Twin Cities house prices eked out a one-percent gain from February to March, but the March figure was 11.5-percent higher than last year, according to the latest Standard & Poors-Case-Shiller Home Price Index, which is often considered a more accurate measure of what's happening in the market because it tracks repeat sales of the same property. The report does not track prices of condominiums, townhouses and rental housing.
While Twin Cities price gains are slowling, the month-to-month gain in the Twin Cities exceeded the a 20-city composite, which showed just a 0.9-percent increase.
“The year-over-year changes suggest that prices are rising more slowly,” says David Blitzer, Chairman of the Index Committee at S&P Dow Jones Indices.
The Case-Shiller report for March trails our April story based on data from the Minneapolis Area Association of Realtors, which showed that the median price of all sales during April increased eight percent to $197,00. That data is heavily influenced by the mix of what's selling. In recent months, there have been fewer heavily discounted foreclosures and short sales, but an increase in traditional sales.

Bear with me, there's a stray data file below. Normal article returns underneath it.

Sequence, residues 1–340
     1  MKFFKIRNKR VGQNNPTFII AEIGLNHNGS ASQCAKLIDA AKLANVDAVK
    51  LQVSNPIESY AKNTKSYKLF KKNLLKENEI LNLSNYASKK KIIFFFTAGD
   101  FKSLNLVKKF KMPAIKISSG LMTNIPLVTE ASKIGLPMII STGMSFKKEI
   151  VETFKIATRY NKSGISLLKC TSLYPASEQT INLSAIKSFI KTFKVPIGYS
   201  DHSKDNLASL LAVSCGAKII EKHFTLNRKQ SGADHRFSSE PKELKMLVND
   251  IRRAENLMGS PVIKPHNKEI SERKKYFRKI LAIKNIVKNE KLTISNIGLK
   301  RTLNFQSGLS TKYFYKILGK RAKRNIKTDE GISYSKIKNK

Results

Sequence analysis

The Case-Shiller report shows that 19 of the 20 cities tracked by the composite showed positive returns in March – New York was the only city to decline. Dallas and Denver reached new index peaks.
The markets showing the biggest slowdowns in price gains were also those those that have been more volatile through the most recent boom-bust cycle. That includes Las Vegas, Los Angeles, Phoenix, San Francisco and Tampa. Four metro areas are nearing pre-crash highs, including Boston (8 percent), Charlotte (9 percent), Portland (13 percent) and San Francisco (15 percent).
“Housing indicators remain mixed," Blitzer said in a statement. "April housing starts recovered the drop in March but virtually all the gain was in apartment construction, not single family homes. New home sales also rebounded from recent weakness but remain soft. Mortgage rates are near a seven month low but recent comments from the Fed point to bank lending standards as a problem. Other comments include arguments that student loan debt is preventing many potential first time buyers from entering the housing market.”